FAIRFIELD — Growing up in Fairfield was not always easy for 4-foot-5 Irving Scible Jr. While he was mostly treated with respect, there were still bullies who picked on him. One of his other problems was finding clothes that fit.
“I could find shirts and shoes and socks, but not pants,” Scible said.” I went shopping at the Hilltop Mall with some friends back when shorts started to get longer. What were long shorts for my friends, were off-the-rack long pants for me.”
Scible was born with Achondroplasia, a common form of dwarfism, at Travis Air Force Base in 1958. His parents naturally had questions about how their son could fit into society. Their fears were eased a bit, however, as they had already had experience with another little person, the accepted term today, named Ellis Harper.
“It made it easier for my mom and dad because he got them in touch with The Little People of America,” Scible said.
Founded in 1957 by actor Billy Barty (“Under the Rainbow”), The Little People of America’s mission is to improve the quality of life for people with dwarfism.
“Billy Barty and I become good friends. Like a lot of organizations, what it really does is show you that you are not alone,” Scible said.
Jobs that Scible held included working in the Daily Republic press room and at Bonser’s gas station. Fairfield was smaller then and most everyone knew each other.
“I remember one day walking downtown during Easter vacation and Joe Lozano (original owner of Joe’s Buffet) didn’t know I was on break and called my mom.’Did you know Irving is downtown?’” Scible said. “I grew up with more than one set of parents.”
The very day he got his driver’s license, Scible experienced something that later happened to him on a routine basis.
“I used to have a four-wheel drive Ford pickup and the first day I got my driver’s license, I drove down Texas Street. A cop saw me and pulled me over,” Scible said. “When he came to my window he said ‘Irving, I just have to see how you’re driving this thing!’ ”
Scible explained and demonstrated the special pedal extenders he used to drive, but other officers had to see it for themselves.
Scible’s aforementioned friendship with Billy Barty lead to his being cast in motion pictures and meeting other famous people. It all started at the now-closed Baskin Robbins that used to be on North Texas Street.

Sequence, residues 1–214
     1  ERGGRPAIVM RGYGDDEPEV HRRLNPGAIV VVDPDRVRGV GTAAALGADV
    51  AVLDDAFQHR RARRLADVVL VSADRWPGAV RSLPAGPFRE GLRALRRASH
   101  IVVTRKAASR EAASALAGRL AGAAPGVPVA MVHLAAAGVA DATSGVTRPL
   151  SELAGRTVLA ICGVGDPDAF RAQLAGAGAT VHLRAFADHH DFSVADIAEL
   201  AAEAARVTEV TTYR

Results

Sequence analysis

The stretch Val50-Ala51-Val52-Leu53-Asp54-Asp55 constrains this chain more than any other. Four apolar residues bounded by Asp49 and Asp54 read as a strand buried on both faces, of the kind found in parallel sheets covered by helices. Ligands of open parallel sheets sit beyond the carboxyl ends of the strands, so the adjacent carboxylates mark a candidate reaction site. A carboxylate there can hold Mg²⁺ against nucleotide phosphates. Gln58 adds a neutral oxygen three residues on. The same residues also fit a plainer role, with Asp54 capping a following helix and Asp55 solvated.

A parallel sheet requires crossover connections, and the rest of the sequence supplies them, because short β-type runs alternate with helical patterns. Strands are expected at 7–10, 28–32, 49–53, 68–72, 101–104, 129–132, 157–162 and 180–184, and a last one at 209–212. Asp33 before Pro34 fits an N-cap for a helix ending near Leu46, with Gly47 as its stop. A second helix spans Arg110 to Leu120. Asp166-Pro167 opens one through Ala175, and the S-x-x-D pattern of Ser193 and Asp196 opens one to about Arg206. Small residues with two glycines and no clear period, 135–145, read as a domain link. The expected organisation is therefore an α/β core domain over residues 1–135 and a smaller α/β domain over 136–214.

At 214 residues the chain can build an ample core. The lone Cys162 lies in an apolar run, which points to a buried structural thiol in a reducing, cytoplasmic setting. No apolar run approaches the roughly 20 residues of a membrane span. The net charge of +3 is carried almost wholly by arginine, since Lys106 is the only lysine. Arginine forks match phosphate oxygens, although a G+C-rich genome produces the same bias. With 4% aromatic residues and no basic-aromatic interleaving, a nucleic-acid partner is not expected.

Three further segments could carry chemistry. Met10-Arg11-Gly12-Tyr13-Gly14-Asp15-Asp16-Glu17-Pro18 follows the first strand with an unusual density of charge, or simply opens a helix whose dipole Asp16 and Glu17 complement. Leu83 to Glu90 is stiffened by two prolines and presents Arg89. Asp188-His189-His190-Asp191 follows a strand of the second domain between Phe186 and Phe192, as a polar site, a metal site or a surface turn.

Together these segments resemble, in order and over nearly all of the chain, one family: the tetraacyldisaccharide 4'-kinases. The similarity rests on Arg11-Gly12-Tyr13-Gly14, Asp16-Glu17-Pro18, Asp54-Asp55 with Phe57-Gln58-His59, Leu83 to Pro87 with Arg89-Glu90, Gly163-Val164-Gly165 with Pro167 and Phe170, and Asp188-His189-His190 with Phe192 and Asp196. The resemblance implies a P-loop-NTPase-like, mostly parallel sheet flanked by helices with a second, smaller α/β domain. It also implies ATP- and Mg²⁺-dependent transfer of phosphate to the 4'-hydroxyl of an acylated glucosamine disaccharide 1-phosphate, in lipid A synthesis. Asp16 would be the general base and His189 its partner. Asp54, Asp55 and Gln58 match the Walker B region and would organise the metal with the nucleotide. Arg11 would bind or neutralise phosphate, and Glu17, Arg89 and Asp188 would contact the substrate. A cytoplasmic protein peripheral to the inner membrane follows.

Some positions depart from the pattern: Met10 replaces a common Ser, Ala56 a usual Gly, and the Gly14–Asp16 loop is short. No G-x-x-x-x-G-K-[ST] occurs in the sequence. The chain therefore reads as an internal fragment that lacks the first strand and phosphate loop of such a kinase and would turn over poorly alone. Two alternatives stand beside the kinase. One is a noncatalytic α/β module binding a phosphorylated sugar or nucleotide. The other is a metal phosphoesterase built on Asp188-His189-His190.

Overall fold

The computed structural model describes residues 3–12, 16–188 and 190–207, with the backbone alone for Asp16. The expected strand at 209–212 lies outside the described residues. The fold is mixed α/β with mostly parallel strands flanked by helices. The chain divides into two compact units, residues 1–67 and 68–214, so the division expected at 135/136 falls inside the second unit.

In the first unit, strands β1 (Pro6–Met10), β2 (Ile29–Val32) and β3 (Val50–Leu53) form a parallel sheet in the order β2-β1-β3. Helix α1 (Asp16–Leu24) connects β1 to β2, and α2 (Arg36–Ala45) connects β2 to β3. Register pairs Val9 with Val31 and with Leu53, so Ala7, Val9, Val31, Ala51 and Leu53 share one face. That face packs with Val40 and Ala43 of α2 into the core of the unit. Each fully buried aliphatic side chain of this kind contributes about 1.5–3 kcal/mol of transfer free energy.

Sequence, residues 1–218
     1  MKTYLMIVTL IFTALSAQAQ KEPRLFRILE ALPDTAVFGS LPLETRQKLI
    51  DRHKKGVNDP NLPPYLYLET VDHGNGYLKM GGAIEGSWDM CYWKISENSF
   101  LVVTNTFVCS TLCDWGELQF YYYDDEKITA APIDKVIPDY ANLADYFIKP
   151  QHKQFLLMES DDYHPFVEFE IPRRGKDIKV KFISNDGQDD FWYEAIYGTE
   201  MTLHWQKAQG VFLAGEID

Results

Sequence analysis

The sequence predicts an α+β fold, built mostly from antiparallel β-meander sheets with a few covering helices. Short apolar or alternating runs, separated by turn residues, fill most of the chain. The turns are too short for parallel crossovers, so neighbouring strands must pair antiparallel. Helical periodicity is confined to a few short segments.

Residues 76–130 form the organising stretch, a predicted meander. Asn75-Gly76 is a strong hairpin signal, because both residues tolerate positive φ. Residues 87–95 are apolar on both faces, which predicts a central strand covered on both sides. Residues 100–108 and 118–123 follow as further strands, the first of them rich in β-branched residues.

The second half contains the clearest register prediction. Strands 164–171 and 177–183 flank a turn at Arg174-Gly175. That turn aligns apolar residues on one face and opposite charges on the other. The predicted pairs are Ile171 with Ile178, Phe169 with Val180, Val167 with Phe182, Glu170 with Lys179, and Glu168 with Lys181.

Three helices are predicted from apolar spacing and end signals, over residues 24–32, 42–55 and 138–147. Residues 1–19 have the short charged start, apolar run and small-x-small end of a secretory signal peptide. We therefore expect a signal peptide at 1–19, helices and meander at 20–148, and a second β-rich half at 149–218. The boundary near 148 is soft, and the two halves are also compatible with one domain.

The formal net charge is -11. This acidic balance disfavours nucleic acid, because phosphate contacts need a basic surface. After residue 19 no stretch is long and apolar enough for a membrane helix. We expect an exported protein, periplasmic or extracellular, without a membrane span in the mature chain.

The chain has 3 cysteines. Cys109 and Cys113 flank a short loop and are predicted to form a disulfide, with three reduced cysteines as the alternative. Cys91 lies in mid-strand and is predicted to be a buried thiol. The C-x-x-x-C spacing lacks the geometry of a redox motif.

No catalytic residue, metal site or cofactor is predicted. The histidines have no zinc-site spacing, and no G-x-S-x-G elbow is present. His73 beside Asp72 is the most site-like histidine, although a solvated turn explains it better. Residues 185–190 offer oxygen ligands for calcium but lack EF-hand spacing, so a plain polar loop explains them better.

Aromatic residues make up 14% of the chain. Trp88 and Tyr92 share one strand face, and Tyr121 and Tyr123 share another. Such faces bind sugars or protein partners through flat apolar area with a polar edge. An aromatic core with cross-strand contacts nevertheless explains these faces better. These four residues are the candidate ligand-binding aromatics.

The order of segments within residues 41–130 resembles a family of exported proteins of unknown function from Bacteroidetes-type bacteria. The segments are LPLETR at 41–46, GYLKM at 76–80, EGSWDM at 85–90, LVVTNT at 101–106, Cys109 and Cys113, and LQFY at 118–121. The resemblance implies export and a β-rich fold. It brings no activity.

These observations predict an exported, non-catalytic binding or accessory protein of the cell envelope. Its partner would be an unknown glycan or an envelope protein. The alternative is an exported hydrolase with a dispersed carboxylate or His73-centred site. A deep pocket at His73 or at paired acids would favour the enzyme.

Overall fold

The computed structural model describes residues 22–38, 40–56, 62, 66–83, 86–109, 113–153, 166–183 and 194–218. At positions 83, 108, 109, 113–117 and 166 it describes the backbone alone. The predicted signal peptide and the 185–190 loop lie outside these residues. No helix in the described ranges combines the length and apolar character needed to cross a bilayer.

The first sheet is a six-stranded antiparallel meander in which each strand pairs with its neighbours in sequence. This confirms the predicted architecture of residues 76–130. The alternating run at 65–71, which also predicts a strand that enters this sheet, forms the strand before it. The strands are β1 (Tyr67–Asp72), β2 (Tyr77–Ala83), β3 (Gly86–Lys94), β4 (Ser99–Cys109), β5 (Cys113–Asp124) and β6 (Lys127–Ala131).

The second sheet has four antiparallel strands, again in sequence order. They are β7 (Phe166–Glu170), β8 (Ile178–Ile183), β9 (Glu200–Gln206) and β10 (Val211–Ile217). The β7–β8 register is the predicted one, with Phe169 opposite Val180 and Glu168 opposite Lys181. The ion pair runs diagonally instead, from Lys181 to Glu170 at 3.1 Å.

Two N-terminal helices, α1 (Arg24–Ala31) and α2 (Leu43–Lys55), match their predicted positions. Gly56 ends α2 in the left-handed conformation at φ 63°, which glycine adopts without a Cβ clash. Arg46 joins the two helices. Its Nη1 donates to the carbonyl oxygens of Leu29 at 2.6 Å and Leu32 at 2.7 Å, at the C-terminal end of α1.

“Max Baer, Jr. (“The Beverly Hillbillies”) was filming ‘The McCullochs’ locally and I was in Baskin-Robbins with my friends and some guy asked me if I wanted to be in a movie,” Scible said. “I said ‘Yeah, right’ then the guy dashed out and came back with Max Baer.”
Another little person in the film, Billy Curtis (“The Wizard of Oz,”),was also Mayor McCheese in McDonald’s commercials and had to go to Los Angeles. Scible filled in, but got no movie credit in the film.
In the mid-1980s, “Star Wars” filmmaker George Lucas produced two made-for TV movies, ostensibly for his daughters, featuring the teddy bear–like Ewoks that co-starred in his 1983 movie “Return of the Jedi.” Scible’s connection with Billy Barty and Billy Curtis got his foot in the door and soon he was an Ewok.
The film that Scible was in, “Ewoks: The Battle for Endor” was the sequel to the 1984 feature “Caravan of Courage: An Ewok Adventure.”
“My most prominent scene is when we were on a hill knocking down logs on top of the marauders (the film’s villains),” Scible said. “In another scene, when they blow up a wall and an Ewok covers his eyes, that’s me.”
Scible enjoyed the three months he spent making the film and met stars Wilford Brimley, Johnny Weissmuller Jr. (whose father had played Tarzan in movies) and little person actor Tony Cox.
“The most impressive thing at the end of filming was when George Lucas remembered my name and we had only talked once,” Scible said.
“Ewoks: The Battle for Endor” premiered as an ABC TV special Nov. 24, 1985. Scible had a special screening with friends at Chuck E. Cheese’s. The film is now available on YouTube.
Other celebrities Scible has met include Jerry Lewis, Lorenzo Lamas, Ed McMahon, and at a George Lucas Fourth of July barbecue, Michael Jackson.
For more than two decades, Scible ran Downtown Photo and Frame, but his business was doomed by technological advances. At the moment, Scible finds himself seeking employment.
“I really need a job. Right now I need anything that will pay the bills. I don’t want to be a statistic. I don’t want to be living in Mission Solano in a year,” Scible said.
Now 55, Scible looks back on the love he received from his parents, now both deceased.
“I am driven to make good of what my parents did. They could have gave me up for adoption, but they stuck by me,” Scible said. “My goal now is to make my parents proud.”
Reach Fairfield writer Tony Wade at firstname.lastname@example.org.